The main exhibition chronicles the various phases of Van Gogh's artistic life.
His selected works from Nuenen (1880–1885):
His selected works from Antwerp (1886):
His selected works from Paris (1886–1888):
- Agostina Segatori Sitting in the Café du Tambourin (1887)
- Wheat Field with a Lark (1887)
- View of Paris from Vincent's Room in the Rue Lepic (1887)
His selected works from Arles (1888–1889):
His selected works from Saint-Rémy (1889–1890):
- Almond Blossoms (1890)
And his selected works from Auvers-sur-Oise (1890):
- Wheatfield with Crows (1890)
The permanent collection also includes nine of the artist's self-portraits and some of his earliest paintings dating back to 1882.
Works by his contemporaries
The museum also features notable art works by Van Gogh's contemporaries in the Impressionist and post-Impressionist movements and holds extensive exhibitions on various subjects from 19th Century art history.
The museum has sculptures by Auguste Rodin and Jules Dalou, and paintings by Émile Bernard, Maurice Denis, Kees van Dongen, Paul Gauguin, Édouard Manet, Claude Monet, Odilon Redon, Georges Seurat, Paul Signac, and Henri de Toulouse-Lautrec.
- Numbers of Visitors. Van Gogh Museum. Retrieved on 2012-03-20.
- 1.6 million visitors: The Van Gogh Museum ends 2011 very successfully. Van Gogh Museum. Retrieved on 2011-01-26.
- (Dutch) Top 55 Museumbezoek 2012, Nederlandse Museumvereniging. Retrieved on 2013-04-14.
- Annual Report 2009. Van Gogh Museum. Retrieved on 2010-12-23.
- Visitor information. Van Gogh Museum. Retrieved on 2010-12-23.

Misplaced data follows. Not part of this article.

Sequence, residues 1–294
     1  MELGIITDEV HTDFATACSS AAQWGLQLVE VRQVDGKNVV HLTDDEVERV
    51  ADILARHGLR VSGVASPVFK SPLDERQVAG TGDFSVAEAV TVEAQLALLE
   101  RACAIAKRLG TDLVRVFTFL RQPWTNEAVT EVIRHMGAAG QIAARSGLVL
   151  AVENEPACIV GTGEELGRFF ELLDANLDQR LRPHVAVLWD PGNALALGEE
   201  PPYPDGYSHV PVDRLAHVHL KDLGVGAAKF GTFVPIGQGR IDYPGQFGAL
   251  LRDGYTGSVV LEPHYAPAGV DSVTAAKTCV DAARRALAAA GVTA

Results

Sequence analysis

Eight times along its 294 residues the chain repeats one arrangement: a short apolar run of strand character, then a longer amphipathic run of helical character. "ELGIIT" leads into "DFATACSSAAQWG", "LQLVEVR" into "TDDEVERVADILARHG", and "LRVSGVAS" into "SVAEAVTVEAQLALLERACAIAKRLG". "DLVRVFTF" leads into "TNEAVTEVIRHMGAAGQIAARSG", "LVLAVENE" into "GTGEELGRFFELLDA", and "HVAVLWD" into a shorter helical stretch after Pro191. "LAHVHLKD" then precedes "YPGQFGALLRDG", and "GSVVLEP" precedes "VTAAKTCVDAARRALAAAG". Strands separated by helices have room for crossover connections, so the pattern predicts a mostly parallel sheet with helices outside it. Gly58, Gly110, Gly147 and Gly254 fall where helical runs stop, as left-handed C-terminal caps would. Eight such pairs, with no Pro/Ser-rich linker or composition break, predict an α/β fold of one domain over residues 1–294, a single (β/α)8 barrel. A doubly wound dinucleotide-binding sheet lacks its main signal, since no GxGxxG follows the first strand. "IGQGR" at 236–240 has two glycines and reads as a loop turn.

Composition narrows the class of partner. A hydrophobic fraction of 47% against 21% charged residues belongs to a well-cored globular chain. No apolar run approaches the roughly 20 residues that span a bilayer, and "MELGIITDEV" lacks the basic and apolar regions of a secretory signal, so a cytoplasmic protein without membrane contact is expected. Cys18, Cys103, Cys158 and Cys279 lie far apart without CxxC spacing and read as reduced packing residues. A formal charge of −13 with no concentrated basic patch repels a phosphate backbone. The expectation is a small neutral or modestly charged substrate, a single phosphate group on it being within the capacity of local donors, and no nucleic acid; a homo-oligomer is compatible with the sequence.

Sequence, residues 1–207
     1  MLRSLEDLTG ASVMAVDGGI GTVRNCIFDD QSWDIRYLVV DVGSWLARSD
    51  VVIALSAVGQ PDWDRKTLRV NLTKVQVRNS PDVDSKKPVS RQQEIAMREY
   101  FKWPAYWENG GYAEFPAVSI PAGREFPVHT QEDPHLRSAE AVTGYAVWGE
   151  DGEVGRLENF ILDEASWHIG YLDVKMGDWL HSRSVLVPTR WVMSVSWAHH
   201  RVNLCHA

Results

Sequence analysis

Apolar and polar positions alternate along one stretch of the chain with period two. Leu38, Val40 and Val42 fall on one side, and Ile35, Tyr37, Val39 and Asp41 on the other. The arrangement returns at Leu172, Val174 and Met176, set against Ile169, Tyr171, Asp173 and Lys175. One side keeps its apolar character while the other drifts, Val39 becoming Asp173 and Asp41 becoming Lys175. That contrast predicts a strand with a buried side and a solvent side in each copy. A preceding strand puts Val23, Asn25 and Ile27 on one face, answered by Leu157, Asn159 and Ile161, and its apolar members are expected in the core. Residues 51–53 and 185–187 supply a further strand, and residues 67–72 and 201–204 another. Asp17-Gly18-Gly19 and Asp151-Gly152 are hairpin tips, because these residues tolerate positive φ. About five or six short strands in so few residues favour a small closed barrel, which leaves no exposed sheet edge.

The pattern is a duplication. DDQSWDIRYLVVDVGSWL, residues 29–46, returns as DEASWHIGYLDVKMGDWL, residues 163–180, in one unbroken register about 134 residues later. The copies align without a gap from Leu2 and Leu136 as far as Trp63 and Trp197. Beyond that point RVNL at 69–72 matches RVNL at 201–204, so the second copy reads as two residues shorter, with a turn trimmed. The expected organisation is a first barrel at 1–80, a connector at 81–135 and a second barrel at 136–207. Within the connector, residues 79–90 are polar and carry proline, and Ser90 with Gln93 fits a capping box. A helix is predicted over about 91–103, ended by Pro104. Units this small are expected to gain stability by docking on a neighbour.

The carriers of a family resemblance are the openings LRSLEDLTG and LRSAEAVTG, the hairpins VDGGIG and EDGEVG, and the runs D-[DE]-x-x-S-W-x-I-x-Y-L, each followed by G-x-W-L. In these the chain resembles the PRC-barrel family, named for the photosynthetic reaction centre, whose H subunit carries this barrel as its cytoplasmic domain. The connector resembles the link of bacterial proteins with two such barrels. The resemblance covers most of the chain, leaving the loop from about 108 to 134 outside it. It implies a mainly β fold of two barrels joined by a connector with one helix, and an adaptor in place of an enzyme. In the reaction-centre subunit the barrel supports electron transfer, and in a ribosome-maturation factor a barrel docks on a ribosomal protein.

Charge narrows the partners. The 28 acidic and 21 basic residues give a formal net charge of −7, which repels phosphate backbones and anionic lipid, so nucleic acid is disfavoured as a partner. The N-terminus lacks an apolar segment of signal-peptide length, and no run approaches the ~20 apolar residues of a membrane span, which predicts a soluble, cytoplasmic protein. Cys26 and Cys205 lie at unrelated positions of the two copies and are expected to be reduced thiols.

- Museumplein, I Amsterdam. Retrieved on 2012-10-17.
- Van Gogh's Van Goghs: The Van Gogh Museum, National Gallery of Art, retrieved 2011-04-23
- The Van Gogh Museum In Amsterdam Hosts Our Editor ~ The World's Largest Collection of Van Gogh’s Artwork, Art Knowledge News, retrieved 2011-04-23
- Gerrit Thomas Rietveld, SFMOMA, retrieved 2011-04-23
- The Organization. Van Gogh Museum. Retrieved on 2012-01-30.
- The museum's architecture in overview. Van Gogh Museum. Retrieved on 2012-02-06.
- New Wing of the Van Gogh Museum, Kisho Kurokawa architect & associates, 2006, retrieved 2011-04-23
- Dan Saltzstein, "Amsterdam’s Van Gogh Museum to Close for Renovations", New York Times, 2011. Retrieved on 2012-02-05.
- Paul L. Montgomery, "Lost and Found: Huge van Gogh Theft Fails", New York Times, 1991. Retrieved on 2012-01-31.
- (Dutch) "Rovers Van Gogh in hoger beroep forser gestraft", Trouw, 1992. Retrieved on 2012-02-24.
- (Dutch) "Diefstal Van Goghs grootste kunstroof in Nederland" (subscribers only), NRC Handelsblad, 1991. Retrieved on 2012-02-24.
- "Two van Gogh Works Are Stolen in Amsterdam", New York Times, 2002. Retrieved on 2012-02-05.
- Lawrence Van Gelder, "Jail for Van Gogh Thieves", New York Times, 2004. Retrieved on 2012-02-05.
- (Dutch) "Ook bij hof veroordeling van rovers", de Volkskrant, 2005. Retrieved on 2012-02-05.
- Van Gogh Museum offers reward for information about theft of paintings (press release), Van Gogh Museum, 2003. Retrieved on 2012-02-05.
- Van Gogh Museum Robbery, Federal Bureau of Investigation. Retrieved on 2012-02-23.
- Contact. Van Gogh Museum. Retrieved on 2012-02-03.
- The museum's architecture in overview. Van Gogh Museum. Retrieved on 2012-02-05.
- (Dutch) Informatie (Dutch visitor's brochure, February 2012). Van Gogh Museum.
- The layout. Van Gogh Museum. Retrieved on 2012-02-05.
- (Dutch) Top 55 Museumbezoek 2010. Nederlandse Museumvereniging. Retrieved on 2012-02-03.
- (Dutch) Top 55 Museumbezoek 2011. Nederlandse Museumvereniging. Retrieved on 2012-02-03.
- Exhibition & museum attendance figures 2010. The Art Newspaper. Retrieved on 2012-02-03.
- History of the collection. Van Gogh Museum. Retrieved on 2012-01-30.
- Van Gogh Museum: About, Artinfo.com, 2008, retrieved 2008-07-30
- Other artists in the collection. Van Gogh Museum. Retrieved on 2012-01-30.